I agree that both articles need considerable improvement. I'm curious why the article should be improved before a merger could take place. Could it not be part of the overall improvement process? Auntieruth55 (talk) 20:51, 8 March 2010 (UTC)
The EKD article could be better, okay, but it isn't that bad. But here there are some important inconsistencies, if not mistakes. I'm getting rather opposed to a merger actually. First the article could get too long. I consider this article on the German Evangelical Church, DEK, to be just the beginning. On the other hand it is dubious until when the DEK really existed. Has it ever officially ceased to exist or did it just fell in oblivion? The nazis pretty soon lost interest in this organisation. The Reich Bishop got more or less ignored as early as 1935. As the minister for church affairs died in 1941 he was even not replaced. Before his death he had gotten ignored by the Führer as well. On the other hand there was strong opposition to this organisation in the member churches, for lots of reasons. Finally the EKD sees itself rather in the continuation of the Confessing Church. Don't forget, the only reason for establishing the DEK was to get Protestant churches under control of the regime. Merging the two articles is a little bit like the merger of the articles on the Pétain Regime and post-war France. --Mk4711 (talk) 23:06, 8 March 2010 (UTC)
I'd rather suggest the merger of the articles on the Protestant Reich Church and Confessing Church into something like "History of Protestant churches in Germany". --Mk4711 (talk) 23:10, 8 March 2010 (UTC)
Thanks for all the thoughts. Since for now there does not seem to be any consensus, I will: 1. Wait for more comments on both pages. 2. In the meantime, change German Evangelical Church so it redirects to the EKD article instead of this one. 3. Post on the Wikiproject Germany page as suggested. As for the question of continuity, when the Americans, etc. came in, they fired a a lot of church officials that they deemed as cooperating with the Nazis, but kept certain other ones. I am not aware of them ending any still-existent institutions. There was a personnel changeover, but I don't see it as being any more significant than the turnover instigated by the Nazis a decade earlier.--Epiphyllumlover (talk) 21:12, 9 March 2010 (UTC)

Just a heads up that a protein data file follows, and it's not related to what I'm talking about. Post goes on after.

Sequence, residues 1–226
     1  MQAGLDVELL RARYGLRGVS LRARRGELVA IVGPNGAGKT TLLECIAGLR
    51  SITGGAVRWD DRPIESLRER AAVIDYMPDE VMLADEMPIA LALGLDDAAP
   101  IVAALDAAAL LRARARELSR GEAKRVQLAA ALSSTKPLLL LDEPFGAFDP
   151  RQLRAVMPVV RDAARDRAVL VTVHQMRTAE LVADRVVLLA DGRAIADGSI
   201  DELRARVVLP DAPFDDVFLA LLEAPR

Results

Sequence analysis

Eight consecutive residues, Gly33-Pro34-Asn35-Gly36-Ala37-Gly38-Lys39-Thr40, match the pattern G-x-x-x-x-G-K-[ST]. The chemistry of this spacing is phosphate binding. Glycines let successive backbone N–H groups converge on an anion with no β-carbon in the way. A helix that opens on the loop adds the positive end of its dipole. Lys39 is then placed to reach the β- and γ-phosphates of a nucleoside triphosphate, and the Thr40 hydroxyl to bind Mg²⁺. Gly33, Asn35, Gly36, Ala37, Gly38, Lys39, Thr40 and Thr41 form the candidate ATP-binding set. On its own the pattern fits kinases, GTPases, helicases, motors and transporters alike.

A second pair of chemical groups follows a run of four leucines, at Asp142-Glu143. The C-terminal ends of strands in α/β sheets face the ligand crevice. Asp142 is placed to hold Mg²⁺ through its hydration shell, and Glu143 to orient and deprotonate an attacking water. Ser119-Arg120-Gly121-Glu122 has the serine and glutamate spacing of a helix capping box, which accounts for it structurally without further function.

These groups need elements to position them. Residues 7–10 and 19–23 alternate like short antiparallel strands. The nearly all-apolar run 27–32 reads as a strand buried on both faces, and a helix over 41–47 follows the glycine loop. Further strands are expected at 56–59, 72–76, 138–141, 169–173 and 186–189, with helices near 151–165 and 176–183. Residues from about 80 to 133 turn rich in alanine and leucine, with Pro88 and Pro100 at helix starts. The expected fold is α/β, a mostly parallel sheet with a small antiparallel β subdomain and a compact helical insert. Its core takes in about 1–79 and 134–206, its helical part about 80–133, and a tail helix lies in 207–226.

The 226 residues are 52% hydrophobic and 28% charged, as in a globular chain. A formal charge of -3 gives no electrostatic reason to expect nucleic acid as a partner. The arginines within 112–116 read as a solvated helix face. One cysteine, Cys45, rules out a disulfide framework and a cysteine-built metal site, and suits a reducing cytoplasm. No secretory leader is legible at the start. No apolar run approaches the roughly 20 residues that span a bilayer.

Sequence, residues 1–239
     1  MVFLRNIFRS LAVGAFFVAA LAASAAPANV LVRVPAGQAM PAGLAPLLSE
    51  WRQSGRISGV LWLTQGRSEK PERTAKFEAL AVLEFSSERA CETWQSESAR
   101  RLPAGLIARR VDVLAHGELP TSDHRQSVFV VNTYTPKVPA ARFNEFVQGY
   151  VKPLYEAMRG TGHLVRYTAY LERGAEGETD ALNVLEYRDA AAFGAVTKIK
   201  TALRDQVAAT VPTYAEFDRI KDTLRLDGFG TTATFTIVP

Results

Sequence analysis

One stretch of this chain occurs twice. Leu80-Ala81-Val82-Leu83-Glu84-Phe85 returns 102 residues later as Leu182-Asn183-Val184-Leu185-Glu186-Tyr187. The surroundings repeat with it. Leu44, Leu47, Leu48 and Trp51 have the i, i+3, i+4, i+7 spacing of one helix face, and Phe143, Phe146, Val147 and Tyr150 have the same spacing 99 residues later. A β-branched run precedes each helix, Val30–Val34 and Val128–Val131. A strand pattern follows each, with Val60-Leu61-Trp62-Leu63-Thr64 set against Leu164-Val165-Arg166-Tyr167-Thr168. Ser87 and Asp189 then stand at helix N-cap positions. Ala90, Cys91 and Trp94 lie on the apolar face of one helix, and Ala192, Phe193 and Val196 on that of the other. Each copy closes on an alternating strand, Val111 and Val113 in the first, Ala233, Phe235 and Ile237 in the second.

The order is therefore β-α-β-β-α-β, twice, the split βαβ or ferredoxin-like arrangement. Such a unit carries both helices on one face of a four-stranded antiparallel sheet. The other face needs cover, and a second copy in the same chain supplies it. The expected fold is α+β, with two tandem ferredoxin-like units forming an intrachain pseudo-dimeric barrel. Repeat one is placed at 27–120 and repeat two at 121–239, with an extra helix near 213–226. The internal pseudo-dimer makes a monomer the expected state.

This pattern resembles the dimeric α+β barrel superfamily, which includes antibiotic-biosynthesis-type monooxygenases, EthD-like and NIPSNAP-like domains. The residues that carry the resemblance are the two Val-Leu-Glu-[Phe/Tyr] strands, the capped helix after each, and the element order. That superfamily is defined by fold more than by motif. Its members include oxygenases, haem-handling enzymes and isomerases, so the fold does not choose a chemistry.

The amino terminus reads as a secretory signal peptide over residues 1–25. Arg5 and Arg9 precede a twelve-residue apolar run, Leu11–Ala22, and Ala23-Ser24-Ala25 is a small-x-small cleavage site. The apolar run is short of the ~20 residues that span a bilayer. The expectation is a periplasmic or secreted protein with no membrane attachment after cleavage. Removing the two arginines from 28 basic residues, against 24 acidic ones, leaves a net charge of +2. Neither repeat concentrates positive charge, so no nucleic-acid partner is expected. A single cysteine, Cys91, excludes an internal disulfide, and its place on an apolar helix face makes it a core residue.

Well, the minister on church affairs died in 1941 and Ludwig Müller (Reich Bishop) in 1945, probably by suicide. Apparently the DEK was more or less a failed experiment by the nazis. There were many anti-Semites in the Confessing Church as well. For some people, like the later EKD chairman Otto Dibelius it was more about power than about ideology. --Mk4711 (talk) 23:29, 9 March 2010 (UTC)
There were also some in the DEK who protected Jews, and then were outed at the end of the war by the Americans for allegedly being pro-Natzi, such as most of the theological faculty at Erlangen.--Epiphyllumlover (talk) 06:29, 10 March 2010 (UTC)

────────────────────────────────────────────────────────────────────────────────────────────────────The merger shouldn't be being discussed in two places at once. The discussion should be held either only here or only at Talk:Evangelical Church in Germany#Merge. +Angr 08:39, 10 March 2010 (UTC)

Angr, thanks for the correction. I just removed the merge tags because it seems to me that the consensus is against the merger. Thank you to all who commented above.--Epiphyllumlover (talk) 19:35, 11 March 2010 (UTC)